Lately, of course, this ETF has underperformed the U.S.-centric S&P... which might indicate it's a good time to buy. Certainly, this looks like a cheap index fund: The average price-to-earnings (P/E) ratio here is only 13 times earnings. And the average price-to-cash-flow ratio is a stunningly low 7 times.
No. 7: SPDR Dow Jones International Real Estate (RWX)
There's no really great international real estate ETF... yet. So in the meantime, I'd recommend just getting the broadest possible exposure to the best managers. This fund fits the bill. Here you're getting 100 of the biggest and best real estate firms in the world – Japan's Mitsui Fudosan, Canada's Brookfield Asset Management, Hong Kong's Link REIT, and the British Land Co. These are all legendary real estate firms... and you're getting all of them, from around the world.
Over the past five years, the returns have been very good: 15% annually. Of course, that's the rebound from the global real estate crisis. But even so, I suspect the returns here will continue to be double-digit or better over the next 10 years at least.
What you have here – with just six ETFs and one U.S.-based REIT – is a group of funds that offer you value, diversification, and smart investing strategies. What you'll pay for these funds is next to nothing. You don't need a broker. You don't need an asset planner. You don't even need to read our newsletters (although we hope you'll continue to do so anyway).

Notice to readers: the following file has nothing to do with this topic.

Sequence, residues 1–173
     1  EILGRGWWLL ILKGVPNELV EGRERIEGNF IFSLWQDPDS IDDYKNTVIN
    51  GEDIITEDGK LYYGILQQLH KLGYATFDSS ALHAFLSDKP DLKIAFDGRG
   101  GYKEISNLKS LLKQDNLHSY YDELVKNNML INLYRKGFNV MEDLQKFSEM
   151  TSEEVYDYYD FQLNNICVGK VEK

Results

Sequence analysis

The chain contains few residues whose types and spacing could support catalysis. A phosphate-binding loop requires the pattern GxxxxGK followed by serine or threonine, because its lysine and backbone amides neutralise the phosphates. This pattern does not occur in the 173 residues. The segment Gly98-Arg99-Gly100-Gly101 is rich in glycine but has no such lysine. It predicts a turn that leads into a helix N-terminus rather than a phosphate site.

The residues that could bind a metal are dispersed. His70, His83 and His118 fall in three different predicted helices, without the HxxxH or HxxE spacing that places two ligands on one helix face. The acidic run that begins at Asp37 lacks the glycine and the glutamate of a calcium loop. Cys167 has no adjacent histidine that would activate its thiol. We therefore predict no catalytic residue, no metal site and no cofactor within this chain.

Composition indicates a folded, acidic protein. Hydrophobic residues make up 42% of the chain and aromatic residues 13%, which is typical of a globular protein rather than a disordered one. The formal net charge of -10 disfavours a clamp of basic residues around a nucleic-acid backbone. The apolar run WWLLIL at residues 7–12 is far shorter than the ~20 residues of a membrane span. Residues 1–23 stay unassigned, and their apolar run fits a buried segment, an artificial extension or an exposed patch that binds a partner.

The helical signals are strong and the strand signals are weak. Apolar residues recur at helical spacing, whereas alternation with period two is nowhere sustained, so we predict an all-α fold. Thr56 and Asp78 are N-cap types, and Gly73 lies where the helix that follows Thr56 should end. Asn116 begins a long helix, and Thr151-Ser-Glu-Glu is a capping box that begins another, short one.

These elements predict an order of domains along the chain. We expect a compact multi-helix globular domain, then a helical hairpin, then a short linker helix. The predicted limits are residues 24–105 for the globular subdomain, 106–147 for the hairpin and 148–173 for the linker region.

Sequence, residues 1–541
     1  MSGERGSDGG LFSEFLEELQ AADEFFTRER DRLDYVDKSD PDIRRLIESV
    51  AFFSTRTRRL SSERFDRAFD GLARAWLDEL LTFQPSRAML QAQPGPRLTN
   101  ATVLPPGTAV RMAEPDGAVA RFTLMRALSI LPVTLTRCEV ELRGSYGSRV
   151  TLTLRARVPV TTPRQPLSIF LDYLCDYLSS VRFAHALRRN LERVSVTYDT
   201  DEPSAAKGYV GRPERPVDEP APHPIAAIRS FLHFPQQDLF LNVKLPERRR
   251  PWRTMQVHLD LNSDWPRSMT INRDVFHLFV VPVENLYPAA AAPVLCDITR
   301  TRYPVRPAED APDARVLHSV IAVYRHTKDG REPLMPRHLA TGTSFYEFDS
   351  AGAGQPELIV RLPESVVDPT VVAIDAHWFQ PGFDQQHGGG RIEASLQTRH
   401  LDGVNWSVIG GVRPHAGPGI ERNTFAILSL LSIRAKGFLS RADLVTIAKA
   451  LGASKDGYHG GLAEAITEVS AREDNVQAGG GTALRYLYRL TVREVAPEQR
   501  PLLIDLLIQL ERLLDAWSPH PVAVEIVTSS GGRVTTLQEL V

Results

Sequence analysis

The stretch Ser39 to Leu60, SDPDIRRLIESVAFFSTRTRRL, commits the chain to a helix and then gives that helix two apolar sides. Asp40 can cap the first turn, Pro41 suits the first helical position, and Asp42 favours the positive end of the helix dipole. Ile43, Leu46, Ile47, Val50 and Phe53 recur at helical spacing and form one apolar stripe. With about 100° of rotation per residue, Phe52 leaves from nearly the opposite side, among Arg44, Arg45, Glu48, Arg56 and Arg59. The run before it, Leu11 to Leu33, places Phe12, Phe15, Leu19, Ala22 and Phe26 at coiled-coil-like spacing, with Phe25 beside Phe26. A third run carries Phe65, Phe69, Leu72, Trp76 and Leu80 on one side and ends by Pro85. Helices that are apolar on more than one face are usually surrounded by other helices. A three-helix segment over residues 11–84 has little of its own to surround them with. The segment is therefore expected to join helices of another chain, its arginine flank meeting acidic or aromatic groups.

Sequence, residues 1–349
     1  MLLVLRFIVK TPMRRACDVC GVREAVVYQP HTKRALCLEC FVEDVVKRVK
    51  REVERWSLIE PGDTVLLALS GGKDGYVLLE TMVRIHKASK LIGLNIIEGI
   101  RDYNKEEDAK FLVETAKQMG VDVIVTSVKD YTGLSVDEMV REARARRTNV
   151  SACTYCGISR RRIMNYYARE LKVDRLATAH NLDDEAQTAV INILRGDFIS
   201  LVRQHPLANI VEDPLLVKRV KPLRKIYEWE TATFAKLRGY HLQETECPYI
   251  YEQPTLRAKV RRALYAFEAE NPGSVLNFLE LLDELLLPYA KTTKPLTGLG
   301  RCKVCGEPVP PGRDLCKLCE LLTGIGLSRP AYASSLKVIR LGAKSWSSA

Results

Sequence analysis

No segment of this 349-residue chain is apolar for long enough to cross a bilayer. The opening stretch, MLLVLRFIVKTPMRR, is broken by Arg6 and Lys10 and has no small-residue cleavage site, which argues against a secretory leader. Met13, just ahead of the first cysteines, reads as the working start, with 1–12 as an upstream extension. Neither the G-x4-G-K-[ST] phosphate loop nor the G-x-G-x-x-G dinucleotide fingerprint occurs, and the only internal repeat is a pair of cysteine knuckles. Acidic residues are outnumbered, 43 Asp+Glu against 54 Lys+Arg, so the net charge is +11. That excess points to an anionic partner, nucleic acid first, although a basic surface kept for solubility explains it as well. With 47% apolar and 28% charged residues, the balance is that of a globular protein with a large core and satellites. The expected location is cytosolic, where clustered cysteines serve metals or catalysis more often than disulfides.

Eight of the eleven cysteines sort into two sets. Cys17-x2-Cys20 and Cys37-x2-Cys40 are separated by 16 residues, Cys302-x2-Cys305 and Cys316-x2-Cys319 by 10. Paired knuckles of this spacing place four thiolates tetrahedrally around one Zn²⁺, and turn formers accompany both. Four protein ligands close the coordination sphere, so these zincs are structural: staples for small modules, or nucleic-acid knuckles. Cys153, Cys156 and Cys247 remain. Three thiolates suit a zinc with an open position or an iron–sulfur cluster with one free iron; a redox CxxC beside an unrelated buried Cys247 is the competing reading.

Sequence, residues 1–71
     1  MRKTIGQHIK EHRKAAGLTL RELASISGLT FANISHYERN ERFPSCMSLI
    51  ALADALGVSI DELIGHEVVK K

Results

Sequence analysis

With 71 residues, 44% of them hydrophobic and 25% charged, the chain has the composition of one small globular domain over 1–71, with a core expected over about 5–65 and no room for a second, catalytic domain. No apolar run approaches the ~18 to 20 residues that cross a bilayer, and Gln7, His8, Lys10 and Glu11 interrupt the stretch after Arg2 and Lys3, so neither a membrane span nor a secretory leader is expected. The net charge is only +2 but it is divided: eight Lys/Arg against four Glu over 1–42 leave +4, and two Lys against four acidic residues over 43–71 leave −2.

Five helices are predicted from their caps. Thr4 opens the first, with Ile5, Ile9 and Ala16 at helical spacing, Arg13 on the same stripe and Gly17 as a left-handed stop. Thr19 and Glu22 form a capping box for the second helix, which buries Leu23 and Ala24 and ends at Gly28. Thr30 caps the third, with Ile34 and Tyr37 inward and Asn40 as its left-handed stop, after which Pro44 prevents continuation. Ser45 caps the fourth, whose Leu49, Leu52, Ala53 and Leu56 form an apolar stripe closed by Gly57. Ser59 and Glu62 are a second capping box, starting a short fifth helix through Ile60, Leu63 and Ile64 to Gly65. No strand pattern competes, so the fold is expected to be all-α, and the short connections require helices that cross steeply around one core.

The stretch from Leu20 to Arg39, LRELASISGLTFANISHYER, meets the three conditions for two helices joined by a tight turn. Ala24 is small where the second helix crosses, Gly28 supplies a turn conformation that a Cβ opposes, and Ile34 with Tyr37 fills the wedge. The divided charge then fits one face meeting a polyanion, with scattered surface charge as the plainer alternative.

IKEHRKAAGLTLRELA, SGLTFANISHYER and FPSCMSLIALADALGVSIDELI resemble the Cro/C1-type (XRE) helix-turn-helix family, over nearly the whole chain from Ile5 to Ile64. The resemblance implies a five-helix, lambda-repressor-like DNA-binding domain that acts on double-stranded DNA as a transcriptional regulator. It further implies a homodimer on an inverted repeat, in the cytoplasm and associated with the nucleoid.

Put equal parts of your portfolio into these seven investment vehicles, and you'll rarely have a down quarter. Year after year, you'll beat the international stock indexes. And in almost every year, you'll beat the S&P 500. Try to learn to allocate additional capital to this plan when other investors are panicking. But either way, learn to save something regularly – every month or every quarter at least.
My advice? Just allocate funds to whichever has performed the worst over the previous three years. If you do this for 15-20 years, I have no doubt you will end up with far more money than you ever dreamed was possible. If you do this for 30-40 years (you've got to start early), you'll end up stupendously wealthy.
There's no real trick to investing if you're disciplined enough to save, and if you only buy good assets and good companies at reasonable prices. These funds enable you to do that, and do it well, in what I consider to be all of the major areas of equity finance: U.S. stocks, foreign stocks, emerging-market stocks, U.S. real estate, global real estate, commodities, and energy.
What's really missing in this list is the fixed-income component. If you're looking for income in today's market (and thanks to the Fed, we all are), there's no better resource than Dr. David Eifrig's Income Intelligence.
In Income Intelligence, "Doc" covers all the different income-producing sectors – real estate investment trusts (REITs), corporate bonds, municipal bonds, dividend stocks, master limited partnerships (MLPs), etc...
Because he has such a large universe of income-producing securities to choose from, Doc is able to recommend the best, safest, and cheapest sectors at any given time.
This week, Doc recommended shares of a European insurance giant. Regular readers know I believe insurance is the greatest business in the world. And this company pays a fat 4%-plus dividend. It's a super-safe way to get some extra yield on your dollars today.
To learn more about Income Intelligence, click here...
Date Range:6/12/2014 to 6/19/2014
Date Range:6/12/2014 to 6/19/2014